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Senior Early Childhood Reporter
Priska Neely covers issues facing children 0-5 and those who care for them, and the policies and research that shape early childhood.
She co-reported Broke: Why more California families are becoming homeless, which won the award for best radio documentary from the Radio & Television News Association of Southern California. She joined the station in 2015, as KPCC’s arts education reporter. Prior to that, Priska was at NPR for “Weekend All Things Considered” and “Talk of the Nation.”
Priska was born and raised in Silver Spring, Maryland, where she spent her first five years in her mom’s home day care. She studied journalism at New York University.
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Stories by Priska Neely
With the changes, the performing arts center hopes to create a "town square" that will draw in people of all ethnic and economic backgrounds.
The Exceptional Minds vocational school trains young adults on the autism spectrum in visual effects and animation. In this detailed work, they have an edge.
The state agency issued a historic number of grants this year. The increased funding comes as the state continues to invest more in the arts.
The Pacific Crest Drum and Bugle Corps is part of a show at the Rose Bowl Saturday. About 20 hours of practice time goes into each minute of a performance.
For ideas on increasing diversity in arts, the L.A. County Arts Commission held a series of 12 town halls in neighborhoods all across the county.
Arts organizations are bringing more classes into juvenile detention centers and building a bridge to careers in the creative economy for formerly incarcerated youth.
Early results of a five-year study provide evidence that music training accelerates development of the auditory pathway, which could help with overall communication.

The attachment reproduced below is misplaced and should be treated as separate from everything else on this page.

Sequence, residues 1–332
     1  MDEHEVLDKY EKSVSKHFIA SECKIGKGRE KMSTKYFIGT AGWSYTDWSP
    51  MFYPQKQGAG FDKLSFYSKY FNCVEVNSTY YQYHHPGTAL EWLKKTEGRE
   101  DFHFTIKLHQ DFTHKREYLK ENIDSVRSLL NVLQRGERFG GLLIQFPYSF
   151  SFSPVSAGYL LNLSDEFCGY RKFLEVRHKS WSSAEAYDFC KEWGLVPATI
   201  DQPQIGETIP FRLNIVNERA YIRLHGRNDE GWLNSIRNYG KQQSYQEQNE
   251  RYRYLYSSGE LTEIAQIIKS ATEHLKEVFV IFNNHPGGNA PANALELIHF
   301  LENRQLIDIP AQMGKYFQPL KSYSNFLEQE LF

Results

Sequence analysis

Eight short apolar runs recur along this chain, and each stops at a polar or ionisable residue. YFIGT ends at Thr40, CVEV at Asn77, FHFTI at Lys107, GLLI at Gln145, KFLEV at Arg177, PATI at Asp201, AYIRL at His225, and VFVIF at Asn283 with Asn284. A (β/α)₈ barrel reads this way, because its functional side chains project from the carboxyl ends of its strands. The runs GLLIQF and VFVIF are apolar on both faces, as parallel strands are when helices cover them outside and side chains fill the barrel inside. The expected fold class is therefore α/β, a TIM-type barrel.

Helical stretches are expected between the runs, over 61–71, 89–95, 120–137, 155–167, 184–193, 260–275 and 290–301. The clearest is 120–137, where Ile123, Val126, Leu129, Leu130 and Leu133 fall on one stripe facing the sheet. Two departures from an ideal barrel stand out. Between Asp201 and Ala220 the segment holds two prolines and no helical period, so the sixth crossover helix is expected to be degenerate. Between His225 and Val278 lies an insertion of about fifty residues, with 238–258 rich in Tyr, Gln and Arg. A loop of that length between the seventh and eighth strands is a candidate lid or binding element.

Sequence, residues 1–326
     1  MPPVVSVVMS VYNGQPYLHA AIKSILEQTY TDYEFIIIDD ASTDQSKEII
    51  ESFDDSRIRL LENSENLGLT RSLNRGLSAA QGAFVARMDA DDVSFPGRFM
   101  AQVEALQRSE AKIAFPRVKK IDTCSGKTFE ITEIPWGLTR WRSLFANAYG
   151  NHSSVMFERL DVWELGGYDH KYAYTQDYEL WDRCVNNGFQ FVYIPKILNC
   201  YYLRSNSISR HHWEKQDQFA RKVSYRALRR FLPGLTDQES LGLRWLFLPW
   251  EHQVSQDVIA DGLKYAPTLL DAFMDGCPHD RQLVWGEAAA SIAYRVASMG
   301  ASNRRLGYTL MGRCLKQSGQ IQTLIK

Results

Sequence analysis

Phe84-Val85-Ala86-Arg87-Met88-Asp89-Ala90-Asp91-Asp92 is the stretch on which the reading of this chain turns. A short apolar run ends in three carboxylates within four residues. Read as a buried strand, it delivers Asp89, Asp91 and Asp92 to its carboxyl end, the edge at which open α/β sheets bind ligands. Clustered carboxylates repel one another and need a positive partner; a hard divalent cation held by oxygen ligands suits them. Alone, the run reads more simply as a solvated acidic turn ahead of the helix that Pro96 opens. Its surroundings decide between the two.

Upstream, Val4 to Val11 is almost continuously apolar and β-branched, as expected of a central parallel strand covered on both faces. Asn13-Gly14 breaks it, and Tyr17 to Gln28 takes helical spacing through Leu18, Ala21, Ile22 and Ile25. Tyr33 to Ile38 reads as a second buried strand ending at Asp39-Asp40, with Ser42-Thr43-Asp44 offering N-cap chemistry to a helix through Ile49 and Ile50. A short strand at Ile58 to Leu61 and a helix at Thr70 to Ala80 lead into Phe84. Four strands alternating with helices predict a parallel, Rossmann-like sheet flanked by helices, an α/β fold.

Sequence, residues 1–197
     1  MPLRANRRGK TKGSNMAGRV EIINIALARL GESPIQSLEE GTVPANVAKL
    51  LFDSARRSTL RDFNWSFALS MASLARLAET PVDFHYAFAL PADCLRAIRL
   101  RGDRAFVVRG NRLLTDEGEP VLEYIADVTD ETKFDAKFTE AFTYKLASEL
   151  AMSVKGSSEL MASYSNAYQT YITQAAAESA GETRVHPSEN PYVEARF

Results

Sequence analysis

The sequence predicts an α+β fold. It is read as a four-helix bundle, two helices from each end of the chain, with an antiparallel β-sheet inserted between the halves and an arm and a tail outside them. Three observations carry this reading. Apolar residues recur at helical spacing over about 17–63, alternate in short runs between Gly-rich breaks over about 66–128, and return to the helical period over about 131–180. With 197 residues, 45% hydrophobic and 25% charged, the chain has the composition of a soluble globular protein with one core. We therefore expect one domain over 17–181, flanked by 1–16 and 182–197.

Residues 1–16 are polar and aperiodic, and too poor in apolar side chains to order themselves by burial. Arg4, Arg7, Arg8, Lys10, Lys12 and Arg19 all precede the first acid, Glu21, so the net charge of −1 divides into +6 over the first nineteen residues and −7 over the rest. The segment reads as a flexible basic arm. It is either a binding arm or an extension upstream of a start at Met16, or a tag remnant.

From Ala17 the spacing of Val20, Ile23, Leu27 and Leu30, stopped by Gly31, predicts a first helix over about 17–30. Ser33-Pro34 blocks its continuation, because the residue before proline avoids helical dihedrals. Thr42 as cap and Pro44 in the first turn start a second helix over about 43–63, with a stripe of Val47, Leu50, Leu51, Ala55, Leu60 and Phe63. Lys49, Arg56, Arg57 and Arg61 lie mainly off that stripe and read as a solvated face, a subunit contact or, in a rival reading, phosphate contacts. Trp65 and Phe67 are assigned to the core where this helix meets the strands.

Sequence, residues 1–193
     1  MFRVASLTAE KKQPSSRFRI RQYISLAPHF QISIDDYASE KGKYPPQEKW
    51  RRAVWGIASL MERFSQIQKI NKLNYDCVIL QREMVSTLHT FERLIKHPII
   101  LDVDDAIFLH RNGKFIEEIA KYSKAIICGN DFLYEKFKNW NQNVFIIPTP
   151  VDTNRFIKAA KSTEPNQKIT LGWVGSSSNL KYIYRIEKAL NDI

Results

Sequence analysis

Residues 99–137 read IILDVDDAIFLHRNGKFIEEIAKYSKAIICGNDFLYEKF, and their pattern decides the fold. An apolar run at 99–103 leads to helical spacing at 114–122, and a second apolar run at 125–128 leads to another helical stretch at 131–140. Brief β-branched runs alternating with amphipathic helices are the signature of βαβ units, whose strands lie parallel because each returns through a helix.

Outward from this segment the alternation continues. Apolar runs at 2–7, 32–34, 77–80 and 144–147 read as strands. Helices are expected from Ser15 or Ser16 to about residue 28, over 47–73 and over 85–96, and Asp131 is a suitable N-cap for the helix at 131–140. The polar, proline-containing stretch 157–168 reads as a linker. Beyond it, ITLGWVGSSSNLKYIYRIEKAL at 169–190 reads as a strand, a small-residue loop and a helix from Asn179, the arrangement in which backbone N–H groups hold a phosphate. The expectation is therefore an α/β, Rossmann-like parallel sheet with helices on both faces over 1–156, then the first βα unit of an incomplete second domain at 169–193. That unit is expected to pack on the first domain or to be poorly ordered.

As L.A. County phases out the use of solitary confinement for minors, the arts are becoming a tool for reimagining those units and shifting the culture overall.
The program seeks to improve low-performing schools by infusing the arts into every aspect of instruction. Six more schools will join the ranks.
With $356,000 approved for the purchase of instruments earlier this year, the district hopes to increase access to schools like Huntington Park Elementary.
Santa Monica says it's committed to preserving Bergamot's art galleries. But as the metro opens there, gallerists fear a wave of development that could push them out.
City planners and public works officials heard plans from elementary and middle school students on ways to build a more water-friendly city.
For decades, an association of LAUSD elementary music teachers have taken salary reductions to fund scholarships for private lessons for exceptional students.
The play is called "Kaleidoscope" and it explores the rollercoaster that is junior high. The play is performed by high schoolers who consulted preteens to develop it.
A few years ago, Grand View Blvd. Elementary absorbed the special education center next door. The arts have played a key role in bringing the students together.